All cells in the human body have a shelf-life, but those of the cancerous variety use some cunning trickery to outlive their expiry dates and continue spreading throughout the body. Scientists at the University of Tokyo have developed a synthetic version of a fungal compound that could help swing things back in our favor, by reactivating a missing gene that would normally drive these sinister cells to self-destruction.
As our cells fulfill their roles and edge towards the end of their lives, they undergo a form of programmed death called apoptosis, clearing the way for fresher and healthier cells. But with the help of genetic mutations, cancer cells are able to avoid this fate and go on multiplying to form tumors.
Targeting this mechanism and initiating apoptosis in cancer cells has been a major focus for researchers in the field, with compounds in olive oil and others that flush them with salt a couple of techniques that have shown promise in recent times. And in a naturally occurring compound found in the fungus species Ascochyta, scientists uncovered another exciting possibility.
Previous experiments had shown this compound, called FE399, could trigger apoptosis in cancer cells in vitro, by reinstating the self-destruct gene that drives the programmed death process. The compound had shown particular promise against colorectal cancer, but the complex nature of the compound meant that reproducing it in meaningful quantities was a tall order.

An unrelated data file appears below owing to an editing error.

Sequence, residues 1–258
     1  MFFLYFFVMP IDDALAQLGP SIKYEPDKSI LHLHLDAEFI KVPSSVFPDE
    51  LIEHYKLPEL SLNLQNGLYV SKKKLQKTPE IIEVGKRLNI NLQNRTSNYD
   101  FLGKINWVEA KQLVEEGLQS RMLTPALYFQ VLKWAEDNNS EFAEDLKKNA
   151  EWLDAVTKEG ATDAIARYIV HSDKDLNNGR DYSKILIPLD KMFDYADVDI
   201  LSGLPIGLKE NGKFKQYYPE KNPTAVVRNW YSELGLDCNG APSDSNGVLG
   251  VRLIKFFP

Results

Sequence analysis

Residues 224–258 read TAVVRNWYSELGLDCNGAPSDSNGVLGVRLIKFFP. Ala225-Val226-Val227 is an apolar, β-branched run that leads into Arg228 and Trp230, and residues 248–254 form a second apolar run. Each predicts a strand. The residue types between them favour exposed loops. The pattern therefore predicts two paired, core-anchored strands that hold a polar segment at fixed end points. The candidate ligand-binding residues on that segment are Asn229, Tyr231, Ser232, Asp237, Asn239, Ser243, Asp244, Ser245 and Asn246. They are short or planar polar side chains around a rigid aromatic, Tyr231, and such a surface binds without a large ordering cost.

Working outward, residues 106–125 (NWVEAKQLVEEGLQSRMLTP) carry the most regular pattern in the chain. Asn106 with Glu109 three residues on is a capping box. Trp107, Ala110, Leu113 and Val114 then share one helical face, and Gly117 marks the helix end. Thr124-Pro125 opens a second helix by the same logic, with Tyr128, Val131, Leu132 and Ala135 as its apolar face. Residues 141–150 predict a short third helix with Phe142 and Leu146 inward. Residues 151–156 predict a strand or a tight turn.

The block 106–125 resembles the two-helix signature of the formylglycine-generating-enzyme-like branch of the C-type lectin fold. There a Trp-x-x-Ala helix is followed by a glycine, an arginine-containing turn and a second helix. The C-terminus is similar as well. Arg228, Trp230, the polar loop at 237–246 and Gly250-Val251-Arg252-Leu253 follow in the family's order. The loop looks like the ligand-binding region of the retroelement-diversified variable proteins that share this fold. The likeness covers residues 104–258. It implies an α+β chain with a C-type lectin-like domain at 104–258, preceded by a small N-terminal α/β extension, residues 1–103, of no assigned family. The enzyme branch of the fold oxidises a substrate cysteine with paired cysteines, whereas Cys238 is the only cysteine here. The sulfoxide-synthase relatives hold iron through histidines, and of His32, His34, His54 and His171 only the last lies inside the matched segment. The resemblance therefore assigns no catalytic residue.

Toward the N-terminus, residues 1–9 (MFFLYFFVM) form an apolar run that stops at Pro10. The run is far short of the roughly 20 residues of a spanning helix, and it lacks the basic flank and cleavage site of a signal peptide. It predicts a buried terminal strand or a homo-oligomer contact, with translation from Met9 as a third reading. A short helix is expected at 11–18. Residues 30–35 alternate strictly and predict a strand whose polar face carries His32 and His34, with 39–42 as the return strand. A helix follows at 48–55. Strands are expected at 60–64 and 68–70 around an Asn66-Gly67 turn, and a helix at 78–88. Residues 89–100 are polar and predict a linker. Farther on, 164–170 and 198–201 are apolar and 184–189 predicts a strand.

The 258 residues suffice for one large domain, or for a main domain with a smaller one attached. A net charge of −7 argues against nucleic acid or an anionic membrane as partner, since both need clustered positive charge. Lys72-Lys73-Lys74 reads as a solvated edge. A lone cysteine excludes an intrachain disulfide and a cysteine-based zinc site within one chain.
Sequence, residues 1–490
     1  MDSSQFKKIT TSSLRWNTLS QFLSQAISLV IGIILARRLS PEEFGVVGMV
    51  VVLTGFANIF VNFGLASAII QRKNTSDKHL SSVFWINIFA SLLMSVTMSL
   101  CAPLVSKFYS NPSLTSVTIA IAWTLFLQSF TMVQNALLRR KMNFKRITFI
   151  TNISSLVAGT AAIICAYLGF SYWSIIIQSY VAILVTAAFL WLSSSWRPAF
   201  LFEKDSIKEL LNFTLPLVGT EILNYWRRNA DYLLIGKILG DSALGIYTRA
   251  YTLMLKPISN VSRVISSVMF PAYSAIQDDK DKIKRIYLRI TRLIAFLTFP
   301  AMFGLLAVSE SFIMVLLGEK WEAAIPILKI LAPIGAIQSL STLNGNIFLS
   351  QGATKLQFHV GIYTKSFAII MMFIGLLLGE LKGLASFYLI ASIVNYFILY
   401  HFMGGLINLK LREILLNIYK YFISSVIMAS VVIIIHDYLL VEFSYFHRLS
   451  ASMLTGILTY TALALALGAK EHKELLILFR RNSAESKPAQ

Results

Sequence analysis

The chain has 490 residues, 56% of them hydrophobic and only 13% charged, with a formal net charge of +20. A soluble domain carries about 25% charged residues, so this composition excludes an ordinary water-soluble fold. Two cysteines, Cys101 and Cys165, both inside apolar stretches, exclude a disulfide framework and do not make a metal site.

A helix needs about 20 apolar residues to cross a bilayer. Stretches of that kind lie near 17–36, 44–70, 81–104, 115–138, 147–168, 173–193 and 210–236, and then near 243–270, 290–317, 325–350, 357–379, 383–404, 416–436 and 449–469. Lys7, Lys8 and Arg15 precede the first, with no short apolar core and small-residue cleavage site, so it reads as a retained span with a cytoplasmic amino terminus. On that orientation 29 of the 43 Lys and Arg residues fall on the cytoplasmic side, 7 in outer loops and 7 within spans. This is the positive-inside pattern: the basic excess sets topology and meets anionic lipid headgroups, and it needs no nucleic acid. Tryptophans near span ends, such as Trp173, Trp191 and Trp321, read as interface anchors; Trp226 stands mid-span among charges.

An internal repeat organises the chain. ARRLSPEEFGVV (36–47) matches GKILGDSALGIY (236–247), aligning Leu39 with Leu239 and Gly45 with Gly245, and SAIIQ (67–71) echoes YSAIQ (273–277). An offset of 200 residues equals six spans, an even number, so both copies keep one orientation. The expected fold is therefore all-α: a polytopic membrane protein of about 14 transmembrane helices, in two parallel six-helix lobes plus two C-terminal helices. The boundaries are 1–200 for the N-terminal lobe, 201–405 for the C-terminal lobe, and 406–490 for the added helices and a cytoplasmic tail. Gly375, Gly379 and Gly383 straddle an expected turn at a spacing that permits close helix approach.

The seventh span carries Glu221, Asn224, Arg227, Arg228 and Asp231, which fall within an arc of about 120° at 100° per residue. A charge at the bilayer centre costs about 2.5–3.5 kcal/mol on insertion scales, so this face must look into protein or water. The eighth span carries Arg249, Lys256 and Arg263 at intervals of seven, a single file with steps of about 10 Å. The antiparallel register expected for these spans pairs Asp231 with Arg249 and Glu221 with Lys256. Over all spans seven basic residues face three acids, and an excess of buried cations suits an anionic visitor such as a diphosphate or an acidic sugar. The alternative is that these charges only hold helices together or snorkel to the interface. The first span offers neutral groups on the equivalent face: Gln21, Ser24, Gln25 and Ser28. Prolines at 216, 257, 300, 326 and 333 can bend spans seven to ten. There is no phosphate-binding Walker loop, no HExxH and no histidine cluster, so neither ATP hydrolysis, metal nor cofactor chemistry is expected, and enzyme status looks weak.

Extracting natural versions of FE399 from the fungus was not a viable option, setting up a significant roadblock for use of this promising anti-cancer compound. But the University of Tokyo team was determined to find a way forward, and set out to develop a complete, synthetic version of the compound to pave the way for mass production.
“We wanted to create a lead compound that could treat colon cancer, and we aimed to do this through the total synthesis of FE399,” says Professor Isamu Shiina, study author.
The team started by identifying the complex structure of the compound. A long process of trial and error followed until, in what the researchers describe as a major breakthrough, they produced a trio of spots on a plate bearing exactly the same chemical signature as FE399.
While further testing is needed to investigate the efficiency of this synthetic version of FE399 in tackling cancers of different types, the team is “thrilled” with the findings and see great potential for mass production.